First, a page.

Ecological services provided by wetlands as a function of vegetation - hydrology co-evolution

Janaine Zanella Coletti

    Research output: ThesisDoctoral Thesis

    152 Downloads (Pure)


    [Truncated abstract] Triggered by climate forcing, various feedback mechanisms between physical, chemical and biological processes define the various ecological services that a wetland can provide. These ecological services include habitat provision and carbon cycling and storage. If the climate forcing is within a dynamic equilibrium, these ecological services will emerge in a quasi-steady state. If the climate is non-stationary, the ecological services provided by a wetland can respond in a non-linear way, as the feedback mechanisms that mediate the climate forcing may maintain the system stability or may drive it into a new stable state. This research explores the hypothesis that non-intuitive shifts in the ecological services provided by wetlands occur in response to hydro-climatological changes. The hypothesis was explored through the application of an ecohydrological model designed to evaluate plant habitat allocation and carbon storage, the ecological services of interest. The study was focused on the south-west of Western Australia (SWWA), a semi-arid region that has been experiencing a non-stationary climate forcing and salinisation. As such, the model was parameterized to represent plants typically found in the region, in particular two threatened species, Casuarina obesa and Melaleuca strobophylla, and validated against available data from Lake Toolibin, a Ramsar listed wetland. Firstly, the model was used to evaluate wetland response to different hydrologic management interventions that have been undertaken in Lake Toolibin. The aim was to quantify their effectiveness in controlling the impact of salinisation on the vegetation community. Model results showed that groundwater extraction by pumping was more effective than surface diversion of saline inflows to maintain vegetation abundance. Also, the results revealed that groundwater extractions favoured the establishment of C. obesa over M. strobophylla. It was also shown that the salinity status in Lake Toolibin can only remain below the levels tolerable by vegetation if long term, large scale intervention, such as catchment reforestation to reduce regional groundwater levels, takes place. Model sensitivity analysis showed that a linear change in parameters causes a non-linear response by the system, mainly due to the complexity of the dynamics between the different major controls, namely the water table level, vegetation, soil moisture and salinity. The model was particularly sensitive to soil parameters, suggesting soil as an important control on wetland ecohydrology. Secondly, the model was applied along a gradient of increasing aridity across SWWA to demonstrate the feedback mechanisms that shape the co-evolution between hydrology and vegetation. Model results corroborated the hypothesis that non-intuitive shifts in ecological services occur in response to distinct regimes of climate forcing. In particular, the results showed that higher water availability (i.e. higher mean annual rainfall depth) does not necessarily represent a higher vegetation density, if the wetland experiences high salinities. Results also showed that not only rainfall depth, but also rainfall intra-annual distribution affects environment partitioning, and therefore vegetation...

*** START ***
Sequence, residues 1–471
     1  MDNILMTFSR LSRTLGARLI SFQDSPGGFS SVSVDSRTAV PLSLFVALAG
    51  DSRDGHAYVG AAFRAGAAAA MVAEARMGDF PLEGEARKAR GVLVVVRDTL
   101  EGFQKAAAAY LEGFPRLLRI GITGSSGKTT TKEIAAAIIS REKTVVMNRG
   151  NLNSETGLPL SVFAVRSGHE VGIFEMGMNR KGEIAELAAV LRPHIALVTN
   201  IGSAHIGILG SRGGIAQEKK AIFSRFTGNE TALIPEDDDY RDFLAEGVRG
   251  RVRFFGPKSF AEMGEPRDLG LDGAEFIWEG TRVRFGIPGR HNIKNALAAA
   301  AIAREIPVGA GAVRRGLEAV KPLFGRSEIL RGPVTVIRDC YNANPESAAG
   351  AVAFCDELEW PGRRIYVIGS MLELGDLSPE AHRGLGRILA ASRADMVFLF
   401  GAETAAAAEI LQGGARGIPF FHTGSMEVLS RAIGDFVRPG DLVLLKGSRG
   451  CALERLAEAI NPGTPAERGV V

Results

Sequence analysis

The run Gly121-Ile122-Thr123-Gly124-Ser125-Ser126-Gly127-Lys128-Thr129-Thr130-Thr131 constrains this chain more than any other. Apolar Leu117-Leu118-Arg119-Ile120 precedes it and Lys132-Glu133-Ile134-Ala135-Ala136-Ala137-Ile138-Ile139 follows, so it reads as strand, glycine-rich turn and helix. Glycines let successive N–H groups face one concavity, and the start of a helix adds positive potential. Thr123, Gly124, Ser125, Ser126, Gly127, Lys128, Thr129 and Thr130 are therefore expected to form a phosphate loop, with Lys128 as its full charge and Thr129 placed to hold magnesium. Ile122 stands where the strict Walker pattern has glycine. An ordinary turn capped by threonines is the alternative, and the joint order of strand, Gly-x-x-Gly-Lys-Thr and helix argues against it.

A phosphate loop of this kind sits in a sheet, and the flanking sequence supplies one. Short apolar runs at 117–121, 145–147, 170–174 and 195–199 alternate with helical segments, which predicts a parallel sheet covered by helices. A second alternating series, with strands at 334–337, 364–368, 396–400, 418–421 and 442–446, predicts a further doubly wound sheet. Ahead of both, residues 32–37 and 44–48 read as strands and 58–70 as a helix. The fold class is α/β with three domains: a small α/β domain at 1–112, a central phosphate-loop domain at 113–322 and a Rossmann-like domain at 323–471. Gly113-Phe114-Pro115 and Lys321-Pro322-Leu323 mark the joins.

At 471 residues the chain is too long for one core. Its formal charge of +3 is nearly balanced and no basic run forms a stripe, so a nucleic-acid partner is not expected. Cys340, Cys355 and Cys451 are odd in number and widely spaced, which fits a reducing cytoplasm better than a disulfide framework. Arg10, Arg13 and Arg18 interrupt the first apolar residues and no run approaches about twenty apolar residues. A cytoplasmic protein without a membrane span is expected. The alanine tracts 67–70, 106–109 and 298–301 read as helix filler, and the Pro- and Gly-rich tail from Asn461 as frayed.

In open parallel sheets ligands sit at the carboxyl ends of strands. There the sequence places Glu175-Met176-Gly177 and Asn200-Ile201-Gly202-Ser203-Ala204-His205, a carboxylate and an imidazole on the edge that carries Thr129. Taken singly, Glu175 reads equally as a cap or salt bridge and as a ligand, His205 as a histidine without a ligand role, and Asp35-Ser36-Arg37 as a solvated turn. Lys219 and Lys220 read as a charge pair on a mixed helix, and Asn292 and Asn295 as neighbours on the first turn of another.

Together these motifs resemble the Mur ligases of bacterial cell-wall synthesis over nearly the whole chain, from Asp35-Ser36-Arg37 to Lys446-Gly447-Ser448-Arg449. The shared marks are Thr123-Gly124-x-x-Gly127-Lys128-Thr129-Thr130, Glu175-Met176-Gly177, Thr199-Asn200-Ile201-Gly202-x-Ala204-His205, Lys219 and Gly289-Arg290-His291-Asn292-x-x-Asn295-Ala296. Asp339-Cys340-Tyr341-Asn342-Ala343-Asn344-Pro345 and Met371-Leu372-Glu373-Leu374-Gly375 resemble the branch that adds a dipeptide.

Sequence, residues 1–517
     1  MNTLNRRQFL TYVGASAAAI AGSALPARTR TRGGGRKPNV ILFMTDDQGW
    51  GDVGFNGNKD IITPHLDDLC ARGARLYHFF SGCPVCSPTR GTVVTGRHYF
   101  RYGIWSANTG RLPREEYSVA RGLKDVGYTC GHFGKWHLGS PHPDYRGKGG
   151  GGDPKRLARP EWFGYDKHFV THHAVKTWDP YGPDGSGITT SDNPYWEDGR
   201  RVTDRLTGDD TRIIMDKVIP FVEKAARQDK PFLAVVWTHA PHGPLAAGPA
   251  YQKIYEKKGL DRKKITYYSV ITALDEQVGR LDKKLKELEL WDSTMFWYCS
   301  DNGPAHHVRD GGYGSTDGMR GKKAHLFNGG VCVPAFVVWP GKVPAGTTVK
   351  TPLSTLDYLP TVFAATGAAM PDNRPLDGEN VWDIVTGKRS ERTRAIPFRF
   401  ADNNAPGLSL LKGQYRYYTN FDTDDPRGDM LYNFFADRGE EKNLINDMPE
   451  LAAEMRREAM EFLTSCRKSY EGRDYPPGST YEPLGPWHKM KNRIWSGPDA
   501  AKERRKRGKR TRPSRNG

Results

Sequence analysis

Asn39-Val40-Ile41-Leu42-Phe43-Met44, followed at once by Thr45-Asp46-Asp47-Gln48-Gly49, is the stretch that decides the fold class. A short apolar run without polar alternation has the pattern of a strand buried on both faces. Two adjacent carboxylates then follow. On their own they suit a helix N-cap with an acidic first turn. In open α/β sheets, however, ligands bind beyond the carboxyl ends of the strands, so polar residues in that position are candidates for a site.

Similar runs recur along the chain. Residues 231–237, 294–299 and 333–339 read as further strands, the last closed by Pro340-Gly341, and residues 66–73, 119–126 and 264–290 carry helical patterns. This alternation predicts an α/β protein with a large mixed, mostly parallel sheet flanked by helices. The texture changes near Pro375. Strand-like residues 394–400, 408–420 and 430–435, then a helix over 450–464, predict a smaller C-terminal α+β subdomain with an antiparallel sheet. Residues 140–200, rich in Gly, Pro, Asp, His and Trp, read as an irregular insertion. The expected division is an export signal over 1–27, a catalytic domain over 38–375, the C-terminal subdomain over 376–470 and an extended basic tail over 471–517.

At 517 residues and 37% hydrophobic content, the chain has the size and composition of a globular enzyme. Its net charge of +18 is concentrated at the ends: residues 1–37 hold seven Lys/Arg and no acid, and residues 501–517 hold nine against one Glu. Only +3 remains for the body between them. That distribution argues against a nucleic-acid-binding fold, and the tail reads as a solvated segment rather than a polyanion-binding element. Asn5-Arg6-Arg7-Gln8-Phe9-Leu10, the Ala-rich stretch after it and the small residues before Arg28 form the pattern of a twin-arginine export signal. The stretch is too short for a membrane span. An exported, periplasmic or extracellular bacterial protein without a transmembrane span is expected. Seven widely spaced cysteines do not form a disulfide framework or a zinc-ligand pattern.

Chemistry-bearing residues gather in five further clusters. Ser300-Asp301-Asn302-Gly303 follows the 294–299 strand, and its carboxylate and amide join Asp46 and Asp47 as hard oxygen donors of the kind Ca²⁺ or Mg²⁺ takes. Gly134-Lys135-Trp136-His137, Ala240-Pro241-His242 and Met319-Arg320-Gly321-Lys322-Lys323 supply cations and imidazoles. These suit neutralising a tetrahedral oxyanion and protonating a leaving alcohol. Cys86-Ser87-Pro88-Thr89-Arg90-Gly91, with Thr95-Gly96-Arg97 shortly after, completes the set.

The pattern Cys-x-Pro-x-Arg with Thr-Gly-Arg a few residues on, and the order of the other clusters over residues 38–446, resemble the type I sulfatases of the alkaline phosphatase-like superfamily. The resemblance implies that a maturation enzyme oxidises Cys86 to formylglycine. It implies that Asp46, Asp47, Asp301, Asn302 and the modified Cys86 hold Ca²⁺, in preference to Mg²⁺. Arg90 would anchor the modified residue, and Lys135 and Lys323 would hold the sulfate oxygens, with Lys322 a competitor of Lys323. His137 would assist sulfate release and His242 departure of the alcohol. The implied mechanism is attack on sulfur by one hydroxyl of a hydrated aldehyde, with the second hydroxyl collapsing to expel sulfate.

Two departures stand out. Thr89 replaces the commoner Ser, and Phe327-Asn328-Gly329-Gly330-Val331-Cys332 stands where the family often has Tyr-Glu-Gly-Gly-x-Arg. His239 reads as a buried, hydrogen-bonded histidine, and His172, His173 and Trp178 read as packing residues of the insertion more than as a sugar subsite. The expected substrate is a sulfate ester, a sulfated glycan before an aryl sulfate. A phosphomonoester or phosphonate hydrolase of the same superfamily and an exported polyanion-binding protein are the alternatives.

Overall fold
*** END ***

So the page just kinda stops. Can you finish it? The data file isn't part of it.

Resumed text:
Original languageEnglish
    QualificationDoctor of Philosophy
    Publication statusUnpublished - 2013


    Dive into the research topics of 'Ecological services provided by wetlands as a function of vegetation - hydrology co-evolution'. Together they form a unique fingerprint.

    Cite this